End of the line for Iron Horse
Seattle Times staff
The Iron Horse Restaurant, a landmark eatery to generations of train aficionados young and old, passed into history yesterday as hundreds of pieces of railroad memorabilia were auctioned off and the Pioneer Square institution went dark for the last time.
The restaurant, known for delivering food and drink aboard model trains, served its final meal on Nov. 10. Yesterday's auction was scheduled to run all day and attracted about 125 bidders the first hour.
Michael and Jodi Tuttle, the restaurant's fourth owners in 29 years, cited rising rents and lagging foot traffic as factors in their decision to close the restaurant. Rents in Pioneer Square have been driven up as new dot.coms have moved into the neighborhood. Demolition of the Kingdome in March cut into the crowds that used to patronize the Iron Horse on game days.
The Iron Horse was near the King Street Station, east of the Dome, at 311 Third Ave.
Some 1,300 items, from model railroad tracks and trains to a slew of railroading memorabilia, were on the auction block, said Glen Vannoy of Vanco Industrial Auctions, which handled the bidding.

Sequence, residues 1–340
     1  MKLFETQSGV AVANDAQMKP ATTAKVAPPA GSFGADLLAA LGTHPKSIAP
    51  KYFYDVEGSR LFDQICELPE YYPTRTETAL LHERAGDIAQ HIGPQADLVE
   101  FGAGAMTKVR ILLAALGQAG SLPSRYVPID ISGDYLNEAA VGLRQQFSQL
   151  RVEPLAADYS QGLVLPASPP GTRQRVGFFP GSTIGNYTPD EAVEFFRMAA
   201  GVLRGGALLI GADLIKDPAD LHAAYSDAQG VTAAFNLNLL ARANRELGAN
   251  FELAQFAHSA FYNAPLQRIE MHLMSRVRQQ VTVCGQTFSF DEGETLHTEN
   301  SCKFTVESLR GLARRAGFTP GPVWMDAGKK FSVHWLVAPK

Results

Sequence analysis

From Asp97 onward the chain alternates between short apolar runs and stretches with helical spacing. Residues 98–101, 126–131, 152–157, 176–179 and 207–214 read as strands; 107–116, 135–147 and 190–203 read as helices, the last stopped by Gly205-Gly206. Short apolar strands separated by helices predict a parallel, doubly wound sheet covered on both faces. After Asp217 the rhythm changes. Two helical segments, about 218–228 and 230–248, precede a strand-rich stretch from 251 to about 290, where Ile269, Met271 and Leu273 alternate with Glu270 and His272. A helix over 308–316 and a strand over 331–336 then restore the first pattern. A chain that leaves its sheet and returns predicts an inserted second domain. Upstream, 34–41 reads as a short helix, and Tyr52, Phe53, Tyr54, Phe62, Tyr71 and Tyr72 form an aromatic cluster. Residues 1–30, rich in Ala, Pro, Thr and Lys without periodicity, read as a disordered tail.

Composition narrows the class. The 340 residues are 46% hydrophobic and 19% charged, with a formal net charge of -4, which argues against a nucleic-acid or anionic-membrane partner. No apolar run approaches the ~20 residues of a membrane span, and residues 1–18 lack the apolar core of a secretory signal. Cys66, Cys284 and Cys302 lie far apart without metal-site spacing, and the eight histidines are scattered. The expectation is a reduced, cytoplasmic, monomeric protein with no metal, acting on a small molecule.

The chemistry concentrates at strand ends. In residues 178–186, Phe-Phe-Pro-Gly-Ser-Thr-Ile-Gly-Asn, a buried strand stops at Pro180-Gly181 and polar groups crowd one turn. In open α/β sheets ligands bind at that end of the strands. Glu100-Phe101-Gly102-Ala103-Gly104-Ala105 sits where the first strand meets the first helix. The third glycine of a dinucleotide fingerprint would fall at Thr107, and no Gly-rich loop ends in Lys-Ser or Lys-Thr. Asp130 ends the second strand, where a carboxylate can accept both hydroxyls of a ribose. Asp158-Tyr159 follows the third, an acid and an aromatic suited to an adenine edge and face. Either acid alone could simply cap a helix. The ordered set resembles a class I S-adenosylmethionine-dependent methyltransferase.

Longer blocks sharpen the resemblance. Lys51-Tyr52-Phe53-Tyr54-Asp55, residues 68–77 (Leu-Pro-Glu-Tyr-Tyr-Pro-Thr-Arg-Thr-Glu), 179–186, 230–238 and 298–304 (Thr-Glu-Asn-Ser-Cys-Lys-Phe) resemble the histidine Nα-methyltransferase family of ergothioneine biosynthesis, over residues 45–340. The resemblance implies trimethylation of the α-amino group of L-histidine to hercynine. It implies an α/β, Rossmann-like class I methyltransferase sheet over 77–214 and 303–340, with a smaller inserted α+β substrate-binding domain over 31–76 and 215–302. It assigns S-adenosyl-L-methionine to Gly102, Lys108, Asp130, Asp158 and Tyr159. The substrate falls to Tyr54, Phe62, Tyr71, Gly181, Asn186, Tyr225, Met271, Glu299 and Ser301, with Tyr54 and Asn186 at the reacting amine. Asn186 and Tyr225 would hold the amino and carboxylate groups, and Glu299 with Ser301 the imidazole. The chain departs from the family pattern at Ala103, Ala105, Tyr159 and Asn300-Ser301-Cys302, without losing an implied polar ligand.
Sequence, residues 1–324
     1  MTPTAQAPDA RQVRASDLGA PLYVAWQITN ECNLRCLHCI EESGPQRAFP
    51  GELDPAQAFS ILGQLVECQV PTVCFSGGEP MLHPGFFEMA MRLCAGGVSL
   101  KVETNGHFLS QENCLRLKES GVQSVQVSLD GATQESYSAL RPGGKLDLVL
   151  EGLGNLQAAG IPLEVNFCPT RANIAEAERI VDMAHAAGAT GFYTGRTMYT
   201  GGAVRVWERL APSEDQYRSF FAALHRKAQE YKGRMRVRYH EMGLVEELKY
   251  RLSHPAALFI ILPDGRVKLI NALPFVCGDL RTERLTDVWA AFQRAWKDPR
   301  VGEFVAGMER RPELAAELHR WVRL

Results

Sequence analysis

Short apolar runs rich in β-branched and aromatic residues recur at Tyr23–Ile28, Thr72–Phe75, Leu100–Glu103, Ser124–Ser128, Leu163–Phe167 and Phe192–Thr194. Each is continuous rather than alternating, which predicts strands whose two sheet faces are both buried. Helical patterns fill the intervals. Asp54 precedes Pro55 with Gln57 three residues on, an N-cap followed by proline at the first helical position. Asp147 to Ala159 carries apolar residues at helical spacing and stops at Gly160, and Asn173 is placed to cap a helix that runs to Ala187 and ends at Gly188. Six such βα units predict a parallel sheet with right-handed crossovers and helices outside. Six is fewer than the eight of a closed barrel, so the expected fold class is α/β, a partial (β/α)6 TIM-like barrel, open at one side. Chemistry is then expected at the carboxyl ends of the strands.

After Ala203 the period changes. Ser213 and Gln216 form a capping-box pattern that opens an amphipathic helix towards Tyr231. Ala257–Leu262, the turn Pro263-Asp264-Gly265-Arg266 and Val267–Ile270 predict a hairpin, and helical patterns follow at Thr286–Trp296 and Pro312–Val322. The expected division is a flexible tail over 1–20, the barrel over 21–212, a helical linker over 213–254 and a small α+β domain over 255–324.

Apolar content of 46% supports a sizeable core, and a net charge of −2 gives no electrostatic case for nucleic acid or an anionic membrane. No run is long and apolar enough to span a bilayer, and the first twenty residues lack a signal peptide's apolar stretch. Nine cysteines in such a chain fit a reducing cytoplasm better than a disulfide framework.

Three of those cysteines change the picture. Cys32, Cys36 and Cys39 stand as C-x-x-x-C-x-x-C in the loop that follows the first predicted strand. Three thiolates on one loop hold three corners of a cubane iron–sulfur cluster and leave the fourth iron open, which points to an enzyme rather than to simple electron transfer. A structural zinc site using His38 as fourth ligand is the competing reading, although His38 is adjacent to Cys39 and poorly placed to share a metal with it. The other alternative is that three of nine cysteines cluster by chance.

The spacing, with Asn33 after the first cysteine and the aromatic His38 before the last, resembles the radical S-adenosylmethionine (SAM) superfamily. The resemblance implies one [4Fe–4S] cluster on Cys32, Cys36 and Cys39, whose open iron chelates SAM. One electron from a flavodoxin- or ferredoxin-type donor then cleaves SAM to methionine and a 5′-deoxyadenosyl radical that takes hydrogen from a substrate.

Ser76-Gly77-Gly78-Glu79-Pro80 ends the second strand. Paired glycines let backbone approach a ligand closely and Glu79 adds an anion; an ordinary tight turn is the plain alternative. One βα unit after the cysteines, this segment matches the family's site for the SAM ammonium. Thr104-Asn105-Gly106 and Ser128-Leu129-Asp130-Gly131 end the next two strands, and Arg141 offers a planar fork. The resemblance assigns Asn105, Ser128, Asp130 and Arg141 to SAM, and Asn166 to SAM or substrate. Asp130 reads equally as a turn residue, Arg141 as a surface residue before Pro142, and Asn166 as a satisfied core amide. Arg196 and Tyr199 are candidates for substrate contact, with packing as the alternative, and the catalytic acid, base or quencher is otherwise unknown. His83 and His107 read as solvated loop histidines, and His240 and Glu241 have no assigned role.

Vannoy estimated the value of the Iron Horse collection at about $35,000, while the Tuttles earlier estimated the value at a reported $70,000. Vannoy did not disclose the final results yesterday.
The concept for the restaurant came from original owner Charlie Maslow, who decided to serve up hamburgers, sandwiches, milkshakes and pitchers of beer--all aboard those model trains harking to an earlier era.
Vannoy said the Iron Horse collection, crammed into all areas of the restaurant, included Lionel, American Flyer, Atlas, Hafner and Hornby model trains.
One estimate earlier this year put the collection of scale-model train engines and cars at 300 and the length of track at 400 feet.
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